You’ve found a great multifamily property in which to invest.

You’ve made your offer, and the seller accepts it. You have it under contract.


What’s next?

Do you put your money down?

No. That part doesn’t come for another few weeks.

At this point, you will do your due diligence, making sure that everything you’ve understood up to the point of putting the property under contract is accurate.  You want to make sure the differences between what you think and what the seller thinks about the property and the deal are the same.  – Tweet  

As you may have guessed, I created a short tutorial on how to conduct due diligence, and here’s a link to that video now:



The due diligence steps you’ll take…

I use a helpful tool… the same one I use in my corporate job.

It’s a series of checklists and worksheets. This due diligence package has helped me figure out if a deal is worth closing or not. If you want me to share it with you, let me know. Contact me.

That said, here are top things to consider when moving through the due diligence process:

1.- Who are the different players involved?

For example, who will be the accountants, attorneys, brokers and other individuals who will be working on the property to get the deal done? Which escrow company will you use? Think about the transaction from start to finish. For me, it’s a little more complicated. I’m in Barcelona, which means I’ll have a legal team here and a legal team in the state where the property is located. I have an accountant; the seller may have an accountant, too. As for the broker, typically he/she will handle things for me, but if the seller has a broker or agent, guess what? That person is a part of the deal, too. You just have to know who the players are and what their roles are in the transaction.

2.- What are the consulting reports you will need?

This includes Phase I Report (report that tells you about the environmental report typically required by lenders in commercial deals), structural assessment and any inspections necessary. Depending on where the property is located and what type of property (i.e., apartment building, mobile home park, duplex, four-plex, etc.), there will be different inspections you should have done. If you don’t have inspections, you might be sorry in a very big way later. Do not just take the seller’s word about the condition of the property. Find out for yourself. Yes, inspections cost money, but it is well worth every penny to find out what needs to be repaired and in what time frame.

3.- What types of operational documents are in place?

For example, look at the existing leases the seller has in place right now and how those may need to be changed. Look at how many tenants are occupying the property and how much each tenant is paying. What about existing insurance that is in place? Is there any new insurance(s) that need to be added? You also need to look at service contracts that are in place, such as with landscapers, property managers, HVAC, pool maintenance, etc. You want to look at the utility costs past and present, too.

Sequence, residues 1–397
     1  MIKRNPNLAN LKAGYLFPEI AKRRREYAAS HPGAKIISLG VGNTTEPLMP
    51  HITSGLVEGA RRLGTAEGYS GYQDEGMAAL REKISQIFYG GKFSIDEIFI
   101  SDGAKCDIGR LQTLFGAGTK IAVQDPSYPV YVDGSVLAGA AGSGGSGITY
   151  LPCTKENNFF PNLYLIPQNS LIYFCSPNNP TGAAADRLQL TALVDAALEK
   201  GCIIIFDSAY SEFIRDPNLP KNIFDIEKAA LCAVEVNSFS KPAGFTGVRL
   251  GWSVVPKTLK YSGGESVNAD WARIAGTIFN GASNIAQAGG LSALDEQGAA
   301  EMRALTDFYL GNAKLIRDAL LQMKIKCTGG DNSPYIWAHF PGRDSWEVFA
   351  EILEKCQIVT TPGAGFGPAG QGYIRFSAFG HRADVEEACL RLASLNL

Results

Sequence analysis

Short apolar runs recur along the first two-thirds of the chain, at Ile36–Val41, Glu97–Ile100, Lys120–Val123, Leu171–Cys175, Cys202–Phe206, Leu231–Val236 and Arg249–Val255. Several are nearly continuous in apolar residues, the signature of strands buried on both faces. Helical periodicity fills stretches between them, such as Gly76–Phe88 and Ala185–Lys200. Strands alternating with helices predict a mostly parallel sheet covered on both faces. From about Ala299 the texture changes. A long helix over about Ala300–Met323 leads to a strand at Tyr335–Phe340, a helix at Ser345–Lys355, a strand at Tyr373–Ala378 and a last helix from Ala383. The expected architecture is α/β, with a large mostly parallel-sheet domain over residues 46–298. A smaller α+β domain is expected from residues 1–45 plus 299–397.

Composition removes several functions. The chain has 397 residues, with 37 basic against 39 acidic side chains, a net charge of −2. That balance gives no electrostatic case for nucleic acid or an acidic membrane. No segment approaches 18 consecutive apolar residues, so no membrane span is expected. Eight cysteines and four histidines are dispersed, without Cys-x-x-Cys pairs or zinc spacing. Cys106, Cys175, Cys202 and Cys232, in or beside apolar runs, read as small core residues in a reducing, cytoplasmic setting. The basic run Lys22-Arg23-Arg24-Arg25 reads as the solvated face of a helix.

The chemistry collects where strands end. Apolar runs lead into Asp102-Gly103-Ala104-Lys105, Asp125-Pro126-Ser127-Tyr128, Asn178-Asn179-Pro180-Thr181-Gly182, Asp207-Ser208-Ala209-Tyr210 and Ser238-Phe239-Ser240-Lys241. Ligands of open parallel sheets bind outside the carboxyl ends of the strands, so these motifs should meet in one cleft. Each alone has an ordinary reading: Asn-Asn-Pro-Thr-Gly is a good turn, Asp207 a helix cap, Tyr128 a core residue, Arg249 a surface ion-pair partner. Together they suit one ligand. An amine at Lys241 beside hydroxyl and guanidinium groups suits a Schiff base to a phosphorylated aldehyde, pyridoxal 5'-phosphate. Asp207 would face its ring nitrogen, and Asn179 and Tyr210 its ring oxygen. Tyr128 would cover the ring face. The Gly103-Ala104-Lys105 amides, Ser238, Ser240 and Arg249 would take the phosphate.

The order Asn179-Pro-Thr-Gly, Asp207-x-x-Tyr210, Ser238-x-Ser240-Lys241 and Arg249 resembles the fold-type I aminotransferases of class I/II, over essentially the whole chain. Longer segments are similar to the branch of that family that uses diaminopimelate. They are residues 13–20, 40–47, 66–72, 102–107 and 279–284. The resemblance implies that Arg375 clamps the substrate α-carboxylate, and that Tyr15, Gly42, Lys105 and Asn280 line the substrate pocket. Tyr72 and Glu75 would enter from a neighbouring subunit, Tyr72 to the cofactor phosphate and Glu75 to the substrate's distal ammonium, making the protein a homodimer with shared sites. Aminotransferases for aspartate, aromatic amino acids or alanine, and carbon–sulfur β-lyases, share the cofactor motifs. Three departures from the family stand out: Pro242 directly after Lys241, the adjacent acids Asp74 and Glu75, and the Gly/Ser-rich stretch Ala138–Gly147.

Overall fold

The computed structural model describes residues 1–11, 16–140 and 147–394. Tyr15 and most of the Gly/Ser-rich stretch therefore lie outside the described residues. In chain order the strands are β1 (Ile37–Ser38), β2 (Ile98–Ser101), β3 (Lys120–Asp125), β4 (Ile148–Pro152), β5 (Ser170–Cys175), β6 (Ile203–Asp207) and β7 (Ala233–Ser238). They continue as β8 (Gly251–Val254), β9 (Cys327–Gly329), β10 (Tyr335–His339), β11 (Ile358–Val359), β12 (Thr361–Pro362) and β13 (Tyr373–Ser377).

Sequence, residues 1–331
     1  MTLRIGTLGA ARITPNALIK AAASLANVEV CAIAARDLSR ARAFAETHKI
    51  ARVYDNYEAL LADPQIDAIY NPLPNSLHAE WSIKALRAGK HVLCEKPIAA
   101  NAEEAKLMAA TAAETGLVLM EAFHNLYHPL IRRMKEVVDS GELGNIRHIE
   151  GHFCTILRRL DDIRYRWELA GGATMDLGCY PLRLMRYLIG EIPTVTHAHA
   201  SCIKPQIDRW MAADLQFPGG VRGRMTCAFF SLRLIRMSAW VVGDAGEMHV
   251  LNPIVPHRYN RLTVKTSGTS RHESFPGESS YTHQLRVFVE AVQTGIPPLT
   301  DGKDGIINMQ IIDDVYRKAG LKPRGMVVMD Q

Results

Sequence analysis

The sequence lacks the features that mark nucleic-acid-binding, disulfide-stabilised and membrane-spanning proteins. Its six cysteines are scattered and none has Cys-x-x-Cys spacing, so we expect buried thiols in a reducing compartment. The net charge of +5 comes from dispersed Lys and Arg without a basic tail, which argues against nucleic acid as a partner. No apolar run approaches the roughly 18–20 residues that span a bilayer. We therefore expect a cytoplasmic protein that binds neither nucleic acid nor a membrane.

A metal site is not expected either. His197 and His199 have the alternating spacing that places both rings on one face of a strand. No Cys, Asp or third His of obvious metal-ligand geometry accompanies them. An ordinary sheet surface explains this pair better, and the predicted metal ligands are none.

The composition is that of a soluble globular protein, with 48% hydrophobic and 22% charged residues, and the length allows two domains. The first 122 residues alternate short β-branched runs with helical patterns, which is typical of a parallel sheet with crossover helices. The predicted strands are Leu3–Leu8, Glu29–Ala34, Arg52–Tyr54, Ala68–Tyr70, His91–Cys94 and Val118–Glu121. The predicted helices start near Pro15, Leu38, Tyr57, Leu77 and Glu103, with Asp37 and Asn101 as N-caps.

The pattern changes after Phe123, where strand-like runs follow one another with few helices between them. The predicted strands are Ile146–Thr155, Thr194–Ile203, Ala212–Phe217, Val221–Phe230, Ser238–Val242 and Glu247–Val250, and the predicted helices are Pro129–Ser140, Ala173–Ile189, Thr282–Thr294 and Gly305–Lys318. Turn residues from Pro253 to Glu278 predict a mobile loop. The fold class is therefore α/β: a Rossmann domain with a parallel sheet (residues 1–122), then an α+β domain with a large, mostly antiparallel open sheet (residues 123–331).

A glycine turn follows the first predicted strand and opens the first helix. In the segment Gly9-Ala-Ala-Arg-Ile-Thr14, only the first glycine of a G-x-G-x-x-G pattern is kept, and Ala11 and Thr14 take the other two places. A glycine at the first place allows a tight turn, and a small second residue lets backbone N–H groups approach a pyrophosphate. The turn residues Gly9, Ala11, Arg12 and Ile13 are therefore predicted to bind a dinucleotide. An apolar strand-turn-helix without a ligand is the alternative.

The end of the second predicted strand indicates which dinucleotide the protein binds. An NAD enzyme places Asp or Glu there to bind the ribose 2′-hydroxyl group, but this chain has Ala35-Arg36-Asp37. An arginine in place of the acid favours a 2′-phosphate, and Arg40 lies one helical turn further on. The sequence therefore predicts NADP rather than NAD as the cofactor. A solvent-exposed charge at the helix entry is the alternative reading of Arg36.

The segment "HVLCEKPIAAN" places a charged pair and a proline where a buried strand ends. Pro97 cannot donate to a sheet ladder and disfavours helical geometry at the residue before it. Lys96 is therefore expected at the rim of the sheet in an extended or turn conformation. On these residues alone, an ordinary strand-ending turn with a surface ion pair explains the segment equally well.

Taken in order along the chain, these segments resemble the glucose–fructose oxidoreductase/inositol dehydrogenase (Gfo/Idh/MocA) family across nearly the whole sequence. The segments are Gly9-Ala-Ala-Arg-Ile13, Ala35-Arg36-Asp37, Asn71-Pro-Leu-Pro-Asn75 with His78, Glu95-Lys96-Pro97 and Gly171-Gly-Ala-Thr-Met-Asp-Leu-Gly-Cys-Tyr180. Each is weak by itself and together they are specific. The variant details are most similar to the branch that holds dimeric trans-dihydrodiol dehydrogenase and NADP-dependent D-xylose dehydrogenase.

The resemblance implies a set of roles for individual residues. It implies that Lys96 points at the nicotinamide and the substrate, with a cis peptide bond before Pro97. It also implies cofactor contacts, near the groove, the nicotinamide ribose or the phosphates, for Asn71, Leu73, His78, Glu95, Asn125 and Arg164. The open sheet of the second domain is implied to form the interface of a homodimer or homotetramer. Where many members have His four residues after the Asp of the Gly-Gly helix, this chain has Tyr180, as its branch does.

There may be ways to cut costs, but you won’t know until you look at all the operations expenses in depth. The seller should be able to provide you with a very accurate record. However, you may find with mom-and-pop operations where the seller hasn’t kept great records or has been filing taxes as a sole proprietor vs. business that there can be problems and a lot of missing information. The due diligence process is when all of this will come to light.

Speaking of the records kept by the seller, you also want to look at the financial documentation. For example, the taxes the seller has filed around the property. This is a critical step in the process. It can also be a negotiation chip for you, because if the seller hasn’t been keeping very good records yet wants to sell the property in a big way due to a variety of reasons, he/she may be more open to seller carry-back (seller financing) on all or part of the deal.

Be flexible and you can walk away with a BIG win.  – Tweet  


Finally, make sure you do this…

From the very beginning, get the property management company you will be using to manage the property involved in your due diligence process. This will help them manage the property better when they take over.

Plus, they can provide you with tremendously helpful insight. After all, you want a company that has managed exactly the type of property you just put under contract, so it makes all the sense in the world to get them involved in the due diligence process.

Now that you understand the due diligence process a bit more, I have a question for you:

Which of these steps do you find the most helpful and why?

Let me know in the comments under my video or, better yet, contact me with your answer here:





You can also check out my latest podcasts and collaborations here